Hospitals: Staff

Sir Roger Gale: To ask the Secretary of State for Health what estimate he has made of (a) the number of hospital medical secretariat in England whose posts have been (i) abolished and (ii) downgraded from grade five to grade four or grade three and (b) the number of hospital staff posts in England at grade six and above in each of the last 10 years for which figures are available. [117089]

Mr Simon Burns: The information requested is not collected centrally.

Kidney Disease

Mrs Moon: To ask the Secretary of State for Health what estimate he has made of the number of people with (a) autosomal dominant polycystic kidney disease and (b) autosomal recessive polycystic kidney disease; and if he will make a statement. [116657]

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Mr Simon Burns: Information on the numbers of people with autosomal dominant and autosomal recessive polycystic kidney disease is not collected centrally. However, we do collect the number of finished hospital admissions(1) with a primary diagnosis of autosomal dominant or autosomal recessive polycystic kidney disease(2) or an unspecified polycystic kidney disease. For 2010-11 these are as follows:

Autosomal dominant polycystic kidney disease: 577

Autosomal recessive polycystic kidney disease: 106

Unspecified polycystic kidney disease: 417.

These are figures for admissions to hospital for treatment for polycystic kidney disease and are not a count of people who have the disease but did not require admission to hospital, nor are they a count of people as the same person may have been admitted more than once in a year.

Please read the following notes when interpreting these data:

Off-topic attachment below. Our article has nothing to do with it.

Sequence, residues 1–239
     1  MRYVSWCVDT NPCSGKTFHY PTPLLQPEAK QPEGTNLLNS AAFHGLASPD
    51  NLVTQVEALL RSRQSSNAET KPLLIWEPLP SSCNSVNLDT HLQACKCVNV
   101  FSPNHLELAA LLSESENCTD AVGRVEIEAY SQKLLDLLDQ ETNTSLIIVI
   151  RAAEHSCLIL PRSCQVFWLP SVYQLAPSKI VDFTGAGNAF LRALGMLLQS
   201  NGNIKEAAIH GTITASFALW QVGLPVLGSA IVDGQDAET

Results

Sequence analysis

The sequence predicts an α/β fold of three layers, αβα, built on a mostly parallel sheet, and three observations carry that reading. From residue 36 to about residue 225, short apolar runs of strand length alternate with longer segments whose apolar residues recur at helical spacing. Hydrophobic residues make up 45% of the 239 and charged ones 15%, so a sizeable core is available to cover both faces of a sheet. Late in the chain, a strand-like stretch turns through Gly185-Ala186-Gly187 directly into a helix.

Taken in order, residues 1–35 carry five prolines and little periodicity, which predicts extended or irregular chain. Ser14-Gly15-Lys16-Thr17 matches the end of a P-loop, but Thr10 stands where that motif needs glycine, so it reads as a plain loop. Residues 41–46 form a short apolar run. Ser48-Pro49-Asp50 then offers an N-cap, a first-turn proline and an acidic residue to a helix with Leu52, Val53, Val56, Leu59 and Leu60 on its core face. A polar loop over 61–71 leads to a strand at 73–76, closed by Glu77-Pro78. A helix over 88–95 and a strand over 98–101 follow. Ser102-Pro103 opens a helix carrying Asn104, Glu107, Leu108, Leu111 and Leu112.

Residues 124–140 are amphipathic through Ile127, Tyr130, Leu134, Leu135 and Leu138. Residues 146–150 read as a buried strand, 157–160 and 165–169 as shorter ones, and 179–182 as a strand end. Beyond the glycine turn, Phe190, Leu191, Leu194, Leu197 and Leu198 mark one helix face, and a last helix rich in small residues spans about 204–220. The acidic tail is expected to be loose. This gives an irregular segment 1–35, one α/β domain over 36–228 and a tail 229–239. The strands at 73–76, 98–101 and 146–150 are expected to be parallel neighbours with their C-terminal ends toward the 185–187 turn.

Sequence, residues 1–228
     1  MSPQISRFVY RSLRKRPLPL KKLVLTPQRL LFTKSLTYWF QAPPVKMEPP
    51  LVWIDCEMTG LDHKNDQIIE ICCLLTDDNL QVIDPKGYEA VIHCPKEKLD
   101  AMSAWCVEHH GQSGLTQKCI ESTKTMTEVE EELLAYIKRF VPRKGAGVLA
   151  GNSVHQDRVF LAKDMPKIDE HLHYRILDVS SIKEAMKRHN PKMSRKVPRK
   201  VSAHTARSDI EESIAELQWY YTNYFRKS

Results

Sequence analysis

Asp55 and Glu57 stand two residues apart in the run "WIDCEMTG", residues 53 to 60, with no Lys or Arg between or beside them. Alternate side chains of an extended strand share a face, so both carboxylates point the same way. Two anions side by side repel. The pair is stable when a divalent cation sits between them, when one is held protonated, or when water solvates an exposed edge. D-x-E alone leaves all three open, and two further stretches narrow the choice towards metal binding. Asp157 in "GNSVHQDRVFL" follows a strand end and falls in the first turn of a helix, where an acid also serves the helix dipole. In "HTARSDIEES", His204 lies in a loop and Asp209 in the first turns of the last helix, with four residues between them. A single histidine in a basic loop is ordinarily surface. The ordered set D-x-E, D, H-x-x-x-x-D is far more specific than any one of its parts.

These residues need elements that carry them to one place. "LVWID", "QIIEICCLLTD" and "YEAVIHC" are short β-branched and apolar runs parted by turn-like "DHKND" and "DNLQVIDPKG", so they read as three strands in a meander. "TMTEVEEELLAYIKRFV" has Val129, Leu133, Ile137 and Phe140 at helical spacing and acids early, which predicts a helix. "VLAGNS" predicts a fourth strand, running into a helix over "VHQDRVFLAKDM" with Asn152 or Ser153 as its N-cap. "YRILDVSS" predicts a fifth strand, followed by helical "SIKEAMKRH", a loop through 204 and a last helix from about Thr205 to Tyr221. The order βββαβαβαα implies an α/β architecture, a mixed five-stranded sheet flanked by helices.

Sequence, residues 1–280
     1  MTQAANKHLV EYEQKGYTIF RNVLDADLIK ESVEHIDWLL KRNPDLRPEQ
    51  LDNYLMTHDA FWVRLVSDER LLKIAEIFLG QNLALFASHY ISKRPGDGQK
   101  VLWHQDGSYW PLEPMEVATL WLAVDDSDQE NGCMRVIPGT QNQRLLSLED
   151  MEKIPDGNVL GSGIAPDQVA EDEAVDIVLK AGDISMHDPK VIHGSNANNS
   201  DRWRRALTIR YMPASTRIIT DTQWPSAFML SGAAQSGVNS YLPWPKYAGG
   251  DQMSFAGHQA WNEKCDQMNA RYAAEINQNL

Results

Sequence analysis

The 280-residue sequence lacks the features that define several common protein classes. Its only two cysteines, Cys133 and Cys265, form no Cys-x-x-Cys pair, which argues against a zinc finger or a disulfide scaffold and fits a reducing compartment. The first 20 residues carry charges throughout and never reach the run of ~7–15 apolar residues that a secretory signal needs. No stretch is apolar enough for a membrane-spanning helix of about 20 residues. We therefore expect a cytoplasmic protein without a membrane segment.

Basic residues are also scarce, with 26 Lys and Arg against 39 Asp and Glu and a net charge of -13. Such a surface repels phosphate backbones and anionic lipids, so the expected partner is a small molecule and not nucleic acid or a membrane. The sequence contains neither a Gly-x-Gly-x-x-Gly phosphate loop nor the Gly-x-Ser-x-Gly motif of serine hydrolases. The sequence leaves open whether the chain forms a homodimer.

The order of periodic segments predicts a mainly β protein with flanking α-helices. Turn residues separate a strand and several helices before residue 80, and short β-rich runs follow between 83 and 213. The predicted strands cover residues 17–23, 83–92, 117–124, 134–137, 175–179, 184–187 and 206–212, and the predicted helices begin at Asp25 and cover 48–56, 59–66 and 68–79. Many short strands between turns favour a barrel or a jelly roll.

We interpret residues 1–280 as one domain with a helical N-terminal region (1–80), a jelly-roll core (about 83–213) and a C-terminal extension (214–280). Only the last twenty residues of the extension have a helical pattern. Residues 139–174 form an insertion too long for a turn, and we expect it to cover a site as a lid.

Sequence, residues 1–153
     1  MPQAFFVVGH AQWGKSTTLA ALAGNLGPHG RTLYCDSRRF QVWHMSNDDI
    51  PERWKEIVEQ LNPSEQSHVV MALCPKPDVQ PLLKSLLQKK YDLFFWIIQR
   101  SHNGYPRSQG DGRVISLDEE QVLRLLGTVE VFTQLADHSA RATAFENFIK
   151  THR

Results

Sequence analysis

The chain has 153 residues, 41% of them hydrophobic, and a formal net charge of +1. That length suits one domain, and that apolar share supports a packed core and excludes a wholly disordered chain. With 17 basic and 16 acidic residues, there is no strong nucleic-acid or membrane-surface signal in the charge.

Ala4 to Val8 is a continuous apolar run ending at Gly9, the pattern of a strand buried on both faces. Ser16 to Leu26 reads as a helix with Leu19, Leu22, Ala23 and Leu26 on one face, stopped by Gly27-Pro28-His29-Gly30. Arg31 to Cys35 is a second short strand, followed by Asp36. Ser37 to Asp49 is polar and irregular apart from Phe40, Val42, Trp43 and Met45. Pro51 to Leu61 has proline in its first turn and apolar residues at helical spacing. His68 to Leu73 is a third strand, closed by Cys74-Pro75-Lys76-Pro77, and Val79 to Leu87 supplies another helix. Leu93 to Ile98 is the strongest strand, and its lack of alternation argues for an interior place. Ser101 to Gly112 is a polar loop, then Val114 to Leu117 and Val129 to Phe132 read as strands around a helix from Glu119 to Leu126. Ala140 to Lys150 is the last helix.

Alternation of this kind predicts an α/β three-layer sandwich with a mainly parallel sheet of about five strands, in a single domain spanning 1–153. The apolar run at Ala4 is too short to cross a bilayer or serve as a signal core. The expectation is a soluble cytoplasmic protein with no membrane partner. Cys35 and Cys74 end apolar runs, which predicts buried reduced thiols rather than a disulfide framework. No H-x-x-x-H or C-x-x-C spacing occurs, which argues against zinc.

(1) Finished admission episodes

A finished admission episode (FAE) is the first period of in patient care under one consultant within one health care provider. FAEs are counted against the year in which the admission episode finishes. Admissions do not represent the number of in-patients, as a person may have more than one admission within the year.

(2) Primary diagnosis

The primary diagnosis is the first of up to 20 (14 from 2002-03 to 2006-07 and seven prior to 2002-03) diagnosis fields in the Hospital Episode Statistics data set and provides the main reason why the patient was admitted to hospital.

The ICD10 codes used are as follows:

Q61.1 Autosomal recessive polycystic kidney disease

Q61.2 Autosomal dominant polycystic kidney disease

Q61.3 Unspecified polycystic kidney disease

Mrs Moon: To ask the Secretary of State for Health how much funding his Department made available for research into polycystic kidney disease in the latest period for which figures are available; and if he will make a statement. [116658]

Mr Simon Burns: The usual practice of the Department's National Institute for Health Research (NIHR) is not to ring-fence funds for expenditure on particular topics: research proposals in all areas compete for the funding available. The NIHR welcomes funding applications for research into any aspect of human health, including polycystic kidney disease (PKD). These applications are subject to peer review and judged in open competition, with awards being made on the basis of the scientific quality of the proposals made. In all disease areas, the amount of NIHR funding depends on the volume and quality of scientific activity.

The NIHR is not currently funding any research with a specific focus on PKD, but is funding research relevant to treating associated symptoms and kidney failure.

The NIHR Clinical Research Network is currently hosting three industry-sponsored studies in PKD.

Mrs Moon: To ask the Secretary of State for Health what progress has been made in the development of treatment for people with polycystic kidney disease in the last 10 years; and if he will make a statement. [116953]

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Paul Burstow: Treatment for people with polycystic kidney disease (PKD) is similar to treatment for people with other kinds of kidney disease and, dependent on the stage of the disease, includes treatment for complications such as anaemia and bone mineral disorders as well as a kidney transplant or dialysis.

The Renal National Service Framework (NSF), published in two parts in 2004 and 2005, identified standards and markers of good practice to help the national health service reduce the development and progression of chronic kidney disease, including PKD. NHS Kidney Care has been helping the NHS implement the NSF. We also understand that clinical trials of potential treatments for PKD involving some patients and investigators from the United Kingdom are currently under way.

Medical Treatments: Research